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Anyone can easily order cheap products online from places like ebay, often coming direct from small factories, that are toy-like in their appearance, durability and features. Be wary of the cheapest price, as that is often a good indication of cost cutting measures and supply of cheap, often untested, equipment.
It can be a difficult pill to swallow if you spend money on a product, (especially if it seemed like a cheap deal at the time), only to find that the manual makes no sense, the product feels cheap and plasticky, and the software is a nightmare to use.
Find out where the product is made, see who else they supply their products and services to. Looking to key points like warranty, real-world installation photos, and even a demonstration of the software in person can all give you indications that it’s a quality product and that the software has been tried and tested. Software usability is so important – as it can be the difference between a system that works for you, or one that’s unusable.
The Electronic Security Industry has become part of the tech boom, and with it, the skill set required to properly install systems has now become a varied mix of IT skills, trade qualifications, and electronics know-how.
And like most industries, the size and scope of different businesses can range from the ‘corner store’ sized business, all the way to the large multinationals.
Here are the BARE MINIMUM requirements you should look out for.
Companies should have:
- Master Licence
- ASIAL Membership
- Workers Comp Insurance
- Public Liability Insurance (for $20 million)
Lead Technicians should have:
- Security Licence
- Police Background Check
- Caber’s License (ACMA Approved)
- White Card (WH&S Card)
This will ensure that, at the very least, the company you choose is reputable, and working within the legal parameters required by Australian Law.
At the very bare minimum, everyone should be giving you a 1 year, fully inclusive warranty. This is a legal requirement by Australian law. So, if you’re being offered a long warranty, it probably means that the provider has supplied a high-end product, and they have confidence in their offering. We would be very wary of a 1 year only warranty, as this means that they are reliant only on the legal minimum, and the flimsy factory warranty provided by the manufacturer. Conversely, an extremely long warranty period, (for example 20+ years) are generally unrealistic. Often there are hidden fees associated with these type of warranties. A security system is a long term investment, and we feel that consumers deserve a realistic warranty period of around 4-5 Years.
80% of small businesses fail within their first year. Make sure the company you choose has a solid base. Here are some things to look out for:
Checking these things will make sure you choose an organisation that has built a solid base, and that will be around to service you in years ahead. Can you provide Photos of similar projects you have completed? You should always be able to request real-world images of similarly installed systems in the field. Be weary of stock images of websites which do not reflect the actual products, services or workmanship of the organisation.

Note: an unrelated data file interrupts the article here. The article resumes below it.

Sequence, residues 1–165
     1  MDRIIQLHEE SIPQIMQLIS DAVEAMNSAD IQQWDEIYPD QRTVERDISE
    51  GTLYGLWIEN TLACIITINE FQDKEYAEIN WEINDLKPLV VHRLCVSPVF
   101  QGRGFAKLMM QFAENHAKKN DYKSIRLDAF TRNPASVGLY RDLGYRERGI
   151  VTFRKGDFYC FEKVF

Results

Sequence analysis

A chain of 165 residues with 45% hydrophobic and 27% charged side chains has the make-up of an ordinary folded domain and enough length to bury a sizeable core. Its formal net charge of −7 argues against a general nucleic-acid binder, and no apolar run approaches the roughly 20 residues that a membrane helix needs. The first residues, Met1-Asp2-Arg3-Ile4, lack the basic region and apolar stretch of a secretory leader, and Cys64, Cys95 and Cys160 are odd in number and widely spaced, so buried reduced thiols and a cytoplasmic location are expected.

80% of sales people are great, but if they do not have a technical background, it can severely impact the effectiveness of your system. Make sure you do some research, and ensure that you ask your consultant various questions about their proposal. Take note of any rehearsed ‘script-like’ behaviour, or vague answers to technical questions. In an ideal world, you want someone that understands how the products work, and can apply them to your unique situation.
Workmanship and actual quality is a very important measure. You could have a great system, but the quality of the cabling and installation can often cause untold havoc on even the best system. This is insider knowledge – we see everyday, poor cabling practices, disgusting installations and shonky duct work. Take the time to look at installations as you go about your day – surely you will find examples of poor workmanship.
We suggest you familiarise yourself with what good installation and cabling practices look like. A good tradesperson will provide a clean, neat installation, and anything mounted on a building will be level and straight. Match these expectations with lots of real life example photos that you can request from your potential provider.
Electronics, and Information Technology is a fast moving market, and Security Installers, often resist the changes the markets bring. It’s important that your provider have a good IT base, as the best products out there are the latest digital systems, and these require an updated host of skills, not found in some of the more aged installers in the field.
The last thing you want is to install your system, and then you find it was the same old stuff that has been slapped in by this guy for the last 40 years without change. Make sure the guys you choose, have their finger on the pulse, and they have kept abreast of the latest innovations within the industry.
As much as it’s important to install the right system, the right way, another key consideration is what happens AFTER the system is in.
A security provider’s responsibility doesn’t end the moment a system is installed and they’ve taken your money. Look for a company that is committed to providing customers with ongoing support to ensure equipment is well maintained and you have peace of mind.